Prepare a conceptual manuscript suitable for presentation at a scholarly conference (LO 4).
Present anddefend a scholarly perspective to an academic audience (LO 5)
University Graduate Attributes
This course will provide students with an opportunity to develop the Graduate Attribute(s) specified below:
University Graduate Attribute Course Learning Outcome(s) Deep discipline knowledge
- informed and infused by cutting edge research, scaffolded throughout their program of studies
- acquired from personal interaction with research active educators, from year 1
- accredited or validated against national or international standards (for relevant programs)
LO1 Critical thinking and problem solving
- steeped in research methods and rigor
- based on empirical evidence and the scientific approach to knowledge development
- demonstrated through appropriate and relevant assessment
LO1; 2; 3 Teamwork and communication skills
- developed from, with, and via the SGDE
- honed through assessment and practice throughout the program of studies
- encouraged and valued in all aspects of learning
LO2; 4; 5 Career and leadership readiness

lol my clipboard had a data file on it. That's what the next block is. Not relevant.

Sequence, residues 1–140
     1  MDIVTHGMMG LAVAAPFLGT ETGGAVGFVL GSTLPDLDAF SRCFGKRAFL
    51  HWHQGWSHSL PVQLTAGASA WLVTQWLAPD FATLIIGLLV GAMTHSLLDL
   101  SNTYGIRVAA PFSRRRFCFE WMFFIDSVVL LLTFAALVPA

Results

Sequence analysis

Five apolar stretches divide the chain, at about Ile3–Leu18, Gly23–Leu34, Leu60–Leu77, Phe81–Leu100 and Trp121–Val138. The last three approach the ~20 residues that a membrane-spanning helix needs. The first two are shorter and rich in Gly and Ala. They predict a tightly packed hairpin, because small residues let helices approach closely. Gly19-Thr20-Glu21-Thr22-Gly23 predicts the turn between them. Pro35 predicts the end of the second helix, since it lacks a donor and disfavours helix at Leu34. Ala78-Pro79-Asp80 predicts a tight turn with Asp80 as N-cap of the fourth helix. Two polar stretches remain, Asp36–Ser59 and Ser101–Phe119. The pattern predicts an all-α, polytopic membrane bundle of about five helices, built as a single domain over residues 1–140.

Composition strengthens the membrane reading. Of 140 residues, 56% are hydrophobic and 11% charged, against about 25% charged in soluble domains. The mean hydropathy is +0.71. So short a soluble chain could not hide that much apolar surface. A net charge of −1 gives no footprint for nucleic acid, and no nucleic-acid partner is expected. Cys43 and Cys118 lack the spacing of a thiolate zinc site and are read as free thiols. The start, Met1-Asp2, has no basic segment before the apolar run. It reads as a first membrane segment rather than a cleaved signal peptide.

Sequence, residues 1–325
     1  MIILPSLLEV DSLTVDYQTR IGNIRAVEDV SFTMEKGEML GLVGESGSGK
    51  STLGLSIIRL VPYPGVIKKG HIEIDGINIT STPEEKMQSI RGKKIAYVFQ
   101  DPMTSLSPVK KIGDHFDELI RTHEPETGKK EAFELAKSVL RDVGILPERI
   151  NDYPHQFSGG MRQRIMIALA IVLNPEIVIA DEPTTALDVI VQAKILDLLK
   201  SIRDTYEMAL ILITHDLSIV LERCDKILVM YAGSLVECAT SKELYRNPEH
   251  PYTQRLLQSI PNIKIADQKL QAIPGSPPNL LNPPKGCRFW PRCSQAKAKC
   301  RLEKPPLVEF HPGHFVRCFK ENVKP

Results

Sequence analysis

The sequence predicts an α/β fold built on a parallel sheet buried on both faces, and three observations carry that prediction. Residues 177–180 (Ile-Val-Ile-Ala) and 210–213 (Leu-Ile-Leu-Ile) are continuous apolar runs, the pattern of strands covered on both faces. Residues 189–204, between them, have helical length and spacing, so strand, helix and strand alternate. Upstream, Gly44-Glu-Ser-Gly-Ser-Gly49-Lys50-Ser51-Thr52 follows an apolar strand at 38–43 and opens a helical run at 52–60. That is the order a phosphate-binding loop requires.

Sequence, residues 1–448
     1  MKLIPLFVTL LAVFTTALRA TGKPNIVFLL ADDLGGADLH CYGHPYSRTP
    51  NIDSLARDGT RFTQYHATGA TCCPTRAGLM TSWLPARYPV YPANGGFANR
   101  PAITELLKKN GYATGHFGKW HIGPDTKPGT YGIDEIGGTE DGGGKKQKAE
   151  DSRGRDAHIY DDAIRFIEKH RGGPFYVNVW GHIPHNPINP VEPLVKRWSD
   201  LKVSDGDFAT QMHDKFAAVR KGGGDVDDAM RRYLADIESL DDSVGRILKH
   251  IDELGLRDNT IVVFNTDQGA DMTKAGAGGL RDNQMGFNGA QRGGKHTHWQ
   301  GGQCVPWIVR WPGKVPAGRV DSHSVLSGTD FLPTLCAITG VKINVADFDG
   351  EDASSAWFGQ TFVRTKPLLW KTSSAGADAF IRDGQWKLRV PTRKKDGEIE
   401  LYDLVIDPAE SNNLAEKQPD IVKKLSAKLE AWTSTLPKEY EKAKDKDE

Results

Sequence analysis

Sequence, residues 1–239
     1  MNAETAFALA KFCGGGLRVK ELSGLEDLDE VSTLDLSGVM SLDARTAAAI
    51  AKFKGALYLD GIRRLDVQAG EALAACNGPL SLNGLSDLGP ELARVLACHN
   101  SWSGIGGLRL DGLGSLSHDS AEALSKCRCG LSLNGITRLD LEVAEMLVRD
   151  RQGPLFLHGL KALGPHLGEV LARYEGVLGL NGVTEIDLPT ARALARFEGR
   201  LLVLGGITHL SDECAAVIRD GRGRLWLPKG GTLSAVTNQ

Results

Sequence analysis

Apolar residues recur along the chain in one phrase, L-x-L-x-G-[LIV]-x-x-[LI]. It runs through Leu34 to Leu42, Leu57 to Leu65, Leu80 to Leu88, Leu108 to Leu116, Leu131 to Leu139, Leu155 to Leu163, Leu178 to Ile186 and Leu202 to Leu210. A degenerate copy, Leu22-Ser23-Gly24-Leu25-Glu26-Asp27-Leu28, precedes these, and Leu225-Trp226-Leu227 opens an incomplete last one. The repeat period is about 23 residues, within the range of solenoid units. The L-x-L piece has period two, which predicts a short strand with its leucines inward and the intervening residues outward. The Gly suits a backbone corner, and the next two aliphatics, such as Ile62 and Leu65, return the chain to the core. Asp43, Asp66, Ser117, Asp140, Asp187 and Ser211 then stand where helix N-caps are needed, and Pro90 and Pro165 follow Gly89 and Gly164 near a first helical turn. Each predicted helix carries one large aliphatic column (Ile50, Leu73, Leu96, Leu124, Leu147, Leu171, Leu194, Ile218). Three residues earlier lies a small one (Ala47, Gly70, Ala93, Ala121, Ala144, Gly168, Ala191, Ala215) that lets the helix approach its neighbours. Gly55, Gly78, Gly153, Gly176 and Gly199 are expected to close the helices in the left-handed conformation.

- technology savvy
- professional and, where relevant, fully accredited
- forward thinking and well informed
- tested and validated by work based experiences
LO5 Self-awareness and emotional intelligence
- a capacity for self-reflection and a willingness to engage in self-appraisal
- open to objective and constructive feedback from supervisors and peers
- able to negotiate difficult social situations, defuse conflict and engage positively in purposeful debate
Required ResourcesThis course is based around reading, critique and synthesis of scholarly publications. The required readings for this course will be specified by the weekly presenters in advance.
Online LearningThe course myuni website will be used for sharing key information and all written assessment must be submitted on myuni.
Learning & Teaching Activities
Learning & Teaching Modes
This course is delivered in face-to-face seminar form, typically 2 hours long. Students are expected to read specified journal articles and contribute to the discussion in the seminar.
Students are assessed on their preparation and contribution (see Assessment).